Tales from the DAR Side
Attention to detail. That’s what it finally comes down to. All the little things that go into building an aircraft are what take up much of the time and effort. But it’s those little things that can really set the aircraft apart from the rest, so it pays to spend that time and effort as you work on your project.
In my last few columns, I’ve talked a lot about the regulatory requirements – data plates, N numbers, and placards. This month I want to talk a little bit about the nuts and bolts of building an aircraft, as seen through the eyes of the designated airworthiness representative (DAR). The fact is, a lot of the attention to detail I’m referring to is directly related to actual nuts and bolts!
One of the many things a DAR is looking at while performing the airworthiness inspection on a homebuilt is the hardware, things like the proper type of bolt in a particular application, proper application of mechanical safety (cotter pin or safety wire), proper tightening of jam nuts, etc. There are a lot of places on a homebuilt where these items come into play, so there are lots of potential opportunities to miss the details.
In my experience, the most often missed of all these details is the tightening of jam nuts on pushrod ends. I’ve found at least one loose jam nut on almost every aircraft I’ve inspected. In one case, every jam nut on the airplane was loose! Make sure to check all the jam nuts after completing your rod end adjustments! This is a great spot to employ torque seal. This stuff comes in handy for both the builder and the inspector. The builder can use torque seal to mark a connection or adjustment that is complete, and when the inspector sees torque seal on the connection, he or she will know that the builder completed the task. (But the inspector will check to make sure things are tight anyway!) Take time to watch the Hints for Homebuilders clip on torque seal application.
Here’s a good illustration of attention to detail. This builder’s only mistake was getting torque seal on the thread of his rod end on the pushrod that comes into the picture from the lower left. But he did a good job of making sure to tighten jam nuts (and mark with torque seal afterward), and he also remembered to install large-diameter washers on the rod ends to help ensure that they don’t come completely apart should they fail.
Another detail that I often find to be in need of some attention is safety wire installation. I frequently find safety wire that is overtwisted, installed backwards (i.e., not in the tightening direction), or just simply not installed at all. There’s a bit of an art as well as science involved in proper installation of safety wire, so a little practice is a good thing. You’ll probably go through a little bit of safety wire before you get the knack, but it’s worth the time and effort. Check out my article in the April issue of EAA Sport Aviation for more info. You can also find good info on safetying in Chapter 7 of FAA Advisory Circular 43.13-1B, Acceptable Methods, Techniques, and Practices. Here’s a photo of a good-looking safety wire installation on propeller bolts.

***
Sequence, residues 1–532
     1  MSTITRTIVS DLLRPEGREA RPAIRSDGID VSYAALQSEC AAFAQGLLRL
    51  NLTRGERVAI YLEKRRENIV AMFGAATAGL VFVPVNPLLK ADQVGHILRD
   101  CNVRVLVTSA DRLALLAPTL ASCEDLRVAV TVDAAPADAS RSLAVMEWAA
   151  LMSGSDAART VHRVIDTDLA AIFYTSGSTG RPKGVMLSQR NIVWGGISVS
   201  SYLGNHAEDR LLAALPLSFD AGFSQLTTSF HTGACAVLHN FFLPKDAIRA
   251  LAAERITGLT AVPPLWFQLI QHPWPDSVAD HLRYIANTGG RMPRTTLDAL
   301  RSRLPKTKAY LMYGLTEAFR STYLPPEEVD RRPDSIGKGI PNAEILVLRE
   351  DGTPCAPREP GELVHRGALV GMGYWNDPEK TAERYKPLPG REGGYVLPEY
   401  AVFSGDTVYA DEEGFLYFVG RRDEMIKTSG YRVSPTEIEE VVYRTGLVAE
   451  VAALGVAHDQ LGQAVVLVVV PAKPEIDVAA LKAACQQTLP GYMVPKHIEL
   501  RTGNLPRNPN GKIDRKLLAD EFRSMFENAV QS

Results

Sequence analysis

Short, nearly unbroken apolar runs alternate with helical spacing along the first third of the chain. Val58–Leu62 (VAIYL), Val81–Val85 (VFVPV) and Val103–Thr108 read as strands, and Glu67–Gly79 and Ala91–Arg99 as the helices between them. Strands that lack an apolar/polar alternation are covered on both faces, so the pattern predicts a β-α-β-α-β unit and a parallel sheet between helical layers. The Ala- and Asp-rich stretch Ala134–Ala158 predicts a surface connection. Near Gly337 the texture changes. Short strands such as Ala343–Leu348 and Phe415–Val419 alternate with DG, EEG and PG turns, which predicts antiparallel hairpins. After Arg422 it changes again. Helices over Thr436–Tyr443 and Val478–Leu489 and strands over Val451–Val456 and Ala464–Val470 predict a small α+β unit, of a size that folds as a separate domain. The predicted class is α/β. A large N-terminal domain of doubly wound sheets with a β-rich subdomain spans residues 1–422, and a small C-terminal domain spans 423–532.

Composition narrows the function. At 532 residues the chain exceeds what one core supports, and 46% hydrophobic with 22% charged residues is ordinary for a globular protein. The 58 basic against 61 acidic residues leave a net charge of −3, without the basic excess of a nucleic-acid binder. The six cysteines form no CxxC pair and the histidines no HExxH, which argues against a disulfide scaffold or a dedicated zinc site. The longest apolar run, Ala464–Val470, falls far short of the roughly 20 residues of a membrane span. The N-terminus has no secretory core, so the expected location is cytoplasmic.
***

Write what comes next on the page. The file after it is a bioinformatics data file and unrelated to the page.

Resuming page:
Note that in each case, the wire is installed to work against the counter-clockwise rotation of the bolt.
Speaking of the art of safety wire, one place where this is especially true is when safetying turnbuckles. The proper way to do this isn’t readily apparent, and looking at the illustrations in AC 43.13 only goes so far. Take a look at my Hints for Homebuilders video clip on turnbuckle safetying for a good primer on how it’s done. Many builders use the “single wrap” method as shown in the first photo below. I prefer the “double wrap” method simular to what's shown in the second photo below, but either is acceptable.
Another detail where spending a little time with the thinking cap on will pay dividends is routing of lines, wires, and cables. Some builders do a pretty good job of this, but many seem to only think about the single system they’re working on and forget about what’s going to come later. You really want the area under your cowling or behind your instrument panel to look like a well-laid-out road map rather than a bowl of spaghetti. Spend some time thinking about the whole project, including continued airworthiness concerns (in other words, how you’re going to access stuff for maintenance) when routing lines, cables, and wires. A little time spent during the construction process will pay you back handsomely down the road.
Here are a couple pictures showing well-done layouts, one in an engine compartment and the other under an instrument panel.
Remember, building an aircraft isn’t one big project. It’s a series of small projects. Spend time thinking about the little things.